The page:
You will always be their greatest guide, but you can only be that if they let you.♥️
Whenever there is a call to courage, there will be anxiety - every time. That’s what makes it brave. This is why challenging things, brave things, important things will often drive anxiety. 

At these times - when they are safe, but doing something hard - the feelings that come with anxiety will be enough to drive avoidance. When it is avoidance of a threat, that’s important. That’s anxiety doing it’s job. But when the avoidance is in response to things that are important, brave, meaningful, that avoidance only serves to confirm the deficiency story. This is when we want to support them to take tiny steps towards that brave thing. It doesn’t have to happen all at once.l and it doesn’t matter how long it takes. Brave is about being able to handle the discomfort of anxiety enough to do the important, challenging thing. It’s built in tiny steps, one after the other. 

We don’t have to get rid of their anxiety and neither do they. They can feel anxious, and do brave. At these times (safe, but scary) they need us to take a posture of validation and confidence. ‘I believe you, and I believe in you.’ ‘I know this feels big, and I know you can handle it.’ 

What we’re saying is we know they can handle the discomfort of anxiety. They don’t have to handle it well, and they don’t have to handle it for too long. Handling it is handling it, and that’s the substance of ‘brave’. 

Being brave isn’t about doing the brave thing, but about being able to handle the discomfort of the anxiety that comes with that. And if they’ve done that today, at all, or for a moment longer than yesterday, then they’ve been brave today. It doesn’t matter how messy it was or how small it was. Let them see their brave through your eyes.‘That was big for you wasn’t it. And you did it. You felt anxious, and you stayed with it. That’s what being brave is all about.’♥️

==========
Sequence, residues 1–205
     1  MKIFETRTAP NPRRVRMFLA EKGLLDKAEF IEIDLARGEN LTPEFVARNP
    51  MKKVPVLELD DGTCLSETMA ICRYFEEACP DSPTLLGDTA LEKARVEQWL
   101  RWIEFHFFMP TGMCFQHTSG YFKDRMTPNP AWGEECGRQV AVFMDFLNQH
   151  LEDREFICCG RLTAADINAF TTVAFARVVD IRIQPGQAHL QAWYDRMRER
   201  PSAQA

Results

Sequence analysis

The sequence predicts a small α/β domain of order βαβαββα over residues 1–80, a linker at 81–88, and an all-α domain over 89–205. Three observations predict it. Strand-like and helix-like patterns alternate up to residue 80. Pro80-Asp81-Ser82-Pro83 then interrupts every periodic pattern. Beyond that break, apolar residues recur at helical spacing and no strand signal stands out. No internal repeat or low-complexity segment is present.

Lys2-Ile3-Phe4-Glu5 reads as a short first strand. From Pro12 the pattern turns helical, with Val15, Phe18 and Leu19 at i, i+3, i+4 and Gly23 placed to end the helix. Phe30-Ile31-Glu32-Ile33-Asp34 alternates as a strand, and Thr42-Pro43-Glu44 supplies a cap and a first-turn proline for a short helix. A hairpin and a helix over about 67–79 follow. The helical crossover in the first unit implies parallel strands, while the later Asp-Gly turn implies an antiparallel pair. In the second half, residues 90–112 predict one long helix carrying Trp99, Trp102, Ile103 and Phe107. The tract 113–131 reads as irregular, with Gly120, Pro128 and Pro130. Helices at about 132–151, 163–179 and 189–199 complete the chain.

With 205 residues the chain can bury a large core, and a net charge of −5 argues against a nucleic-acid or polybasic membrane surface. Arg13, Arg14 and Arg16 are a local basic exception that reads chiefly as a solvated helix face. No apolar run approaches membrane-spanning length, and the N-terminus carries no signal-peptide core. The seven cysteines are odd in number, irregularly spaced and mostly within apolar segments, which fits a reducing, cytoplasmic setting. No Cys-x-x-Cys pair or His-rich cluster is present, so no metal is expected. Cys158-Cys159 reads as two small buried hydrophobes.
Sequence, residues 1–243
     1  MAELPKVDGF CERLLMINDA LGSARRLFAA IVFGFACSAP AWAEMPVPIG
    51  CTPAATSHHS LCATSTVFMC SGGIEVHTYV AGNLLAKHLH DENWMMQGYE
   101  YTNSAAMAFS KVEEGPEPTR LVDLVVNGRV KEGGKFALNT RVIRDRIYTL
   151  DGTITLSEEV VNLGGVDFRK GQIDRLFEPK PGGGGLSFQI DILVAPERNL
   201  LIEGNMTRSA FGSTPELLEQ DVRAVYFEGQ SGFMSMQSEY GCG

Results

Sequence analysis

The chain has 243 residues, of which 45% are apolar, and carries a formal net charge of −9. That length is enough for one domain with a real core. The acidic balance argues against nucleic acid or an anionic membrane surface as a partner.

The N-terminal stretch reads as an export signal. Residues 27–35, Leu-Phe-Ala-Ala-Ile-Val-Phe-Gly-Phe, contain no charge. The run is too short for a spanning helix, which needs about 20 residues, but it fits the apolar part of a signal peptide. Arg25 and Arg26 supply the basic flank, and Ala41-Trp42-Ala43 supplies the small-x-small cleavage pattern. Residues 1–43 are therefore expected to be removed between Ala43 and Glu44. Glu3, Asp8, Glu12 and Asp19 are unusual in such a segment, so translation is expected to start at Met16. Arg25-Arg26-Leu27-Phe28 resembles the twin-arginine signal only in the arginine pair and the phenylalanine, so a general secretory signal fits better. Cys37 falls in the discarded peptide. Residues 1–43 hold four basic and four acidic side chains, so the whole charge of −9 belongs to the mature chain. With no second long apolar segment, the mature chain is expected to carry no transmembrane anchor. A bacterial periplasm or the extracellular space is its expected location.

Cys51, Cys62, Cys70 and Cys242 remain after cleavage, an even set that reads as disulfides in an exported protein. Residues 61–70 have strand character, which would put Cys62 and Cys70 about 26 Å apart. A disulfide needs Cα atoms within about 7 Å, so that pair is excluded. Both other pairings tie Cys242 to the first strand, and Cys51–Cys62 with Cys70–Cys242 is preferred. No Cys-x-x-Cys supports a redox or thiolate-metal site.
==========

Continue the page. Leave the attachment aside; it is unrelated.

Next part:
A relationally unsafe (emotionally unsafe) environment can cause as much breakage as as a physically unsafe one. 

The brain’s priority will always be safety, so if a person or environment doesn’t feel emotionally safe, we might see big behaviour, avoidance, or reduced learning. In this case, it isn’t the child that’s broken. It’s the environment.

But here’s the thing, just because a child doesn’t feel safe, doesn’t mean the person or environment isn’t safe. What it means is that there aren’t enough signals of safety - yet, and there’s a little more work to do to build this. ‘Safety’ isn’t about what is actually safe or not, it’s about what the brain perceives. Children might have the safest, warmest, most loving adult in front of them, but that doesn’t mean they’ll feel safe. This is when we have to look at how we might extend bigger cues of warmth, welcome, inclusiveness, and what we can do (or what roles or responsibilities can we give them) to help them feel valued and needed. This might take time, and that’s okay. Children aren’t meant to feel safe with every adult in front of them, so sometimes what they need most is our patience and understanding as we continue to build this. 

This is the way it works for all of us, everywhere. None of us will be able to give our best or do our best if we don’t feel welcome, liked, valued, and free from hostility, humiliation or judgement. 

This is especially important for our schools. A brain that doesn’t feel safe can’t learn. For schools to be places of learning, they first have to be places of relationship. Before we focus too sharply on learning support and behaviour management, we first have to focus on felt sense of safety support. The most powerful way to do this is through relationship. Teachers who do this are magic-makers. They show a phenomenal capacity to expand a child’s capacity to learn, calm big behaviour, and open up a child’s world. But relationships take time, and felt safety takes time. The time it takes for this to happen is all part of the process. It’s not a waste of time, it’s the most important use of it.♥️